The clinical chairwoman for primary care transformation in London revealed a set of standards being drawn up to describe the service practices should offer and patients can expect access to could include week-round access.
Speaking at a pharmaceutical industry conference the former RCGP chairwoman said the standards would not dictate care models, but would force GPs to work differently.
‘If we are delivering a set of standards that include seven-day a week access to general practice, and many others, it will force GPs to work differently,' she said.
Professor Gerada told the conference that in five years’ time ‘there won't be such a thing as a single practice entity'. She added: 'Practices will be working much more in networks, much more in federations.’
Provider organisations, she said, could serve as many as 1m patients.
‘We are going to see over the five years, a significant transformation in the way we work. I think we will see...in order to deliver the standards, practices will have to work in natural populations of 50-100,000. But within that, organisations that are maybe up to a million, where you start to deliver, as provider organisations, services at scale.’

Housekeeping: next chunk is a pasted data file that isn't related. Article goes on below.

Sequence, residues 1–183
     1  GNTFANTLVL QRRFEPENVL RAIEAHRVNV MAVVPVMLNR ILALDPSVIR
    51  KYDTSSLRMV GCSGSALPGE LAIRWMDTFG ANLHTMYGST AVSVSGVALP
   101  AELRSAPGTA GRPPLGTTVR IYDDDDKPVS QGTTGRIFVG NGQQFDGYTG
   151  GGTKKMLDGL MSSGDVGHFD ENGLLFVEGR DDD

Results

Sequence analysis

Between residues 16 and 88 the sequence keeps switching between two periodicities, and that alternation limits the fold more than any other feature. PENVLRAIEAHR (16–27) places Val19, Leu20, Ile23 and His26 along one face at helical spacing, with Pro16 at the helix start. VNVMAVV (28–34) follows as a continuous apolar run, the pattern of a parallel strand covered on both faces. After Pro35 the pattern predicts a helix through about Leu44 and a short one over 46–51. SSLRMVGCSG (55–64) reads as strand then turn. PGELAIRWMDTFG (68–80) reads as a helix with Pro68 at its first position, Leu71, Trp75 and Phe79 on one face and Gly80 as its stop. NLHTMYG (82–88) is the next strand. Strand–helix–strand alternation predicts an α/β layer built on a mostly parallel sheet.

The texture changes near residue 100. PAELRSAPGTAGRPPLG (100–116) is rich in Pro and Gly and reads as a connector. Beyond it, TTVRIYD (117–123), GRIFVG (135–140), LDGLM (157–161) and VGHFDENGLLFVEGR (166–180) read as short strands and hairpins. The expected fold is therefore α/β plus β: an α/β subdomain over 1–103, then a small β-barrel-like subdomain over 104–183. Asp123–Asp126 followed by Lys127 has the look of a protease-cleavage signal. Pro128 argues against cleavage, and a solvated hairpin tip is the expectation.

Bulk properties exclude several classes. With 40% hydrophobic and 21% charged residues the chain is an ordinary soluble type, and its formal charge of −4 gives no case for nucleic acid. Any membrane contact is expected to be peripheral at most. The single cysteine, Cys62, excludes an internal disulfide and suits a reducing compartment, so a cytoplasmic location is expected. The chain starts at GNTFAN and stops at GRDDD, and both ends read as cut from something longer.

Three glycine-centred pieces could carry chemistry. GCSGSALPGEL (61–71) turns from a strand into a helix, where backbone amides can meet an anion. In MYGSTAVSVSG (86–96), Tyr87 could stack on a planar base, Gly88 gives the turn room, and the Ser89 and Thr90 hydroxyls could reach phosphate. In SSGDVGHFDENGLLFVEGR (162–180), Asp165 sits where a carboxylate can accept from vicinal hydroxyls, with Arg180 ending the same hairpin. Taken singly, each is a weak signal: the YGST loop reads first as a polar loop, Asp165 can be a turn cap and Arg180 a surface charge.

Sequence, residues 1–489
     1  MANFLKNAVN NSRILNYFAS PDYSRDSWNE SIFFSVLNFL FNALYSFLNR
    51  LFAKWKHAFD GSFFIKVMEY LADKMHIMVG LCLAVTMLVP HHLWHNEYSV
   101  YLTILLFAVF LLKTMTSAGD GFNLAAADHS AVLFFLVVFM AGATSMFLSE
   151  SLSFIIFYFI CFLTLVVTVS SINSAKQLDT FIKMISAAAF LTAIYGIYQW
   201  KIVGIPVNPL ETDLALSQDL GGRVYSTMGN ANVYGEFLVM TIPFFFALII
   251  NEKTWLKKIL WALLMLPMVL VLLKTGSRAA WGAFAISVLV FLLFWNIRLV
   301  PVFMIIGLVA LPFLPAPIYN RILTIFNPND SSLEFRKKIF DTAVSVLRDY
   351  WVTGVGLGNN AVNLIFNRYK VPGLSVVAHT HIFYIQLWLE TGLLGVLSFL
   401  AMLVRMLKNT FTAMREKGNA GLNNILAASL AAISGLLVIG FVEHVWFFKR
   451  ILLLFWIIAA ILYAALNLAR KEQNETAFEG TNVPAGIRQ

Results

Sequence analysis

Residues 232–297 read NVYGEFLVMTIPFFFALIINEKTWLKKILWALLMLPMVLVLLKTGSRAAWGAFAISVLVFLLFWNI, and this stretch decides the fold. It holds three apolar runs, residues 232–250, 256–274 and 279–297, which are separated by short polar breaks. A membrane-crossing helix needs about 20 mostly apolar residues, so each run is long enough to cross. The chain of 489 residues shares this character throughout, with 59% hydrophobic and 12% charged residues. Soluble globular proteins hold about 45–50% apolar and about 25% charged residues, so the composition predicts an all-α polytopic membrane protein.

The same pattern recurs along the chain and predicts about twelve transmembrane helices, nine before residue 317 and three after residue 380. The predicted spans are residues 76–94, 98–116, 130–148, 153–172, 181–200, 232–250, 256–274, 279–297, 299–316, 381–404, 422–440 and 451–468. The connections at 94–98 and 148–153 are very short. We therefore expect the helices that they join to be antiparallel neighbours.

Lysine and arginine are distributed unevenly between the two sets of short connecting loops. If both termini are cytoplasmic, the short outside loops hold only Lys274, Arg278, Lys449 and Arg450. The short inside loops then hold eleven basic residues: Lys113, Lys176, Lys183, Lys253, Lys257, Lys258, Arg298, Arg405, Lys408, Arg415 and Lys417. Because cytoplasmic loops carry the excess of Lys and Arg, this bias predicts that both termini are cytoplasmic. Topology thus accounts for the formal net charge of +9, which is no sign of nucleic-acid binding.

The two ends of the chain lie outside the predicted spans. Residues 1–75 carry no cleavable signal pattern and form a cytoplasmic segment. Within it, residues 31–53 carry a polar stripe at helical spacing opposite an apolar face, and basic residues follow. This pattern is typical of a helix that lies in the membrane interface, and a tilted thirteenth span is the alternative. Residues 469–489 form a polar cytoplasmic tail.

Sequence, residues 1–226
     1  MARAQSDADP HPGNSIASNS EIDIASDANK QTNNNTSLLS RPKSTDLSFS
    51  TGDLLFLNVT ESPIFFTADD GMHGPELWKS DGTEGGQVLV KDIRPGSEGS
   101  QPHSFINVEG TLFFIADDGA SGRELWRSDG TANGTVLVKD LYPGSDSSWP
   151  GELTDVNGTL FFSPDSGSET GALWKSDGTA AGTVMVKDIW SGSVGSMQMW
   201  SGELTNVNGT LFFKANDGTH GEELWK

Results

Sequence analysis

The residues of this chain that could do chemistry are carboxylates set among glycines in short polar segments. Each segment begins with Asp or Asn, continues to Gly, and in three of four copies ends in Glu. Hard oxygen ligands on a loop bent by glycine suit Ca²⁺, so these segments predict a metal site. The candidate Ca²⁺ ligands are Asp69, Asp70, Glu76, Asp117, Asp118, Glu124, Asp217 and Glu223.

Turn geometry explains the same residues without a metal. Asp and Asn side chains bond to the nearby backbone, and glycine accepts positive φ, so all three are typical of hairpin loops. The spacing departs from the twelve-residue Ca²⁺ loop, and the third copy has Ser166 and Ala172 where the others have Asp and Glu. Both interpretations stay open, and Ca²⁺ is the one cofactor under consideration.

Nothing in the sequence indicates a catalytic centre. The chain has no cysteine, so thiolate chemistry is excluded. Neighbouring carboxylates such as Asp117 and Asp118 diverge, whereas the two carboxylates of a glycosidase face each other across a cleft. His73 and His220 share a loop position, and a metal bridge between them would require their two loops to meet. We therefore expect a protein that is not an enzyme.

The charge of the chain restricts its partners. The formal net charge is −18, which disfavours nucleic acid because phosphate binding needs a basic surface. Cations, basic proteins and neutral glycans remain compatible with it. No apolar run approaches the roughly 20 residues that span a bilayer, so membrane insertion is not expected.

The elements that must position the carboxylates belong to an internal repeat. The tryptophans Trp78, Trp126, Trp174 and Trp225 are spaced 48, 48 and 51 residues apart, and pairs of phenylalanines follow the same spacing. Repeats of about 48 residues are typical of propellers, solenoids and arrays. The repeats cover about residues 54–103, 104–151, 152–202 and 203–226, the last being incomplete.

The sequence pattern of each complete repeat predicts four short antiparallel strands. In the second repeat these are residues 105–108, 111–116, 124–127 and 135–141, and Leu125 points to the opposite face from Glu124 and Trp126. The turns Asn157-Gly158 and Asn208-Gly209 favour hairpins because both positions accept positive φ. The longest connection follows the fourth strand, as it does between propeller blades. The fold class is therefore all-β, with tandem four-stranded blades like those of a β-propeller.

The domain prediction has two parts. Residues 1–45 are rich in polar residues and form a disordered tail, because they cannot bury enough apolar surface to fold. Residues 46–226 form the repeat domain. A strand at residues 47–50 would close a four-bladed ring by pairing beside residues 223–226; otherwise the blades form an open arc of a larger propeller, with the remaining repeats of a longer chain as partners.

NHS England London has been working to create the GP standards which will describe the service offer that all patients should have access to, focused on accessible, proactive and co-ordinated care. Practices will have to work towards the standards over five years leading to a quality benchmark.
Deputy medical director of NHS England London, Dr Mark Spencer, said in February the standards programme could be funded with money taken out of PMS contracts.
The standards were due to be published for public consultation in the spring.
An NHS England London spokeswoman said the documents were in the process of being developed.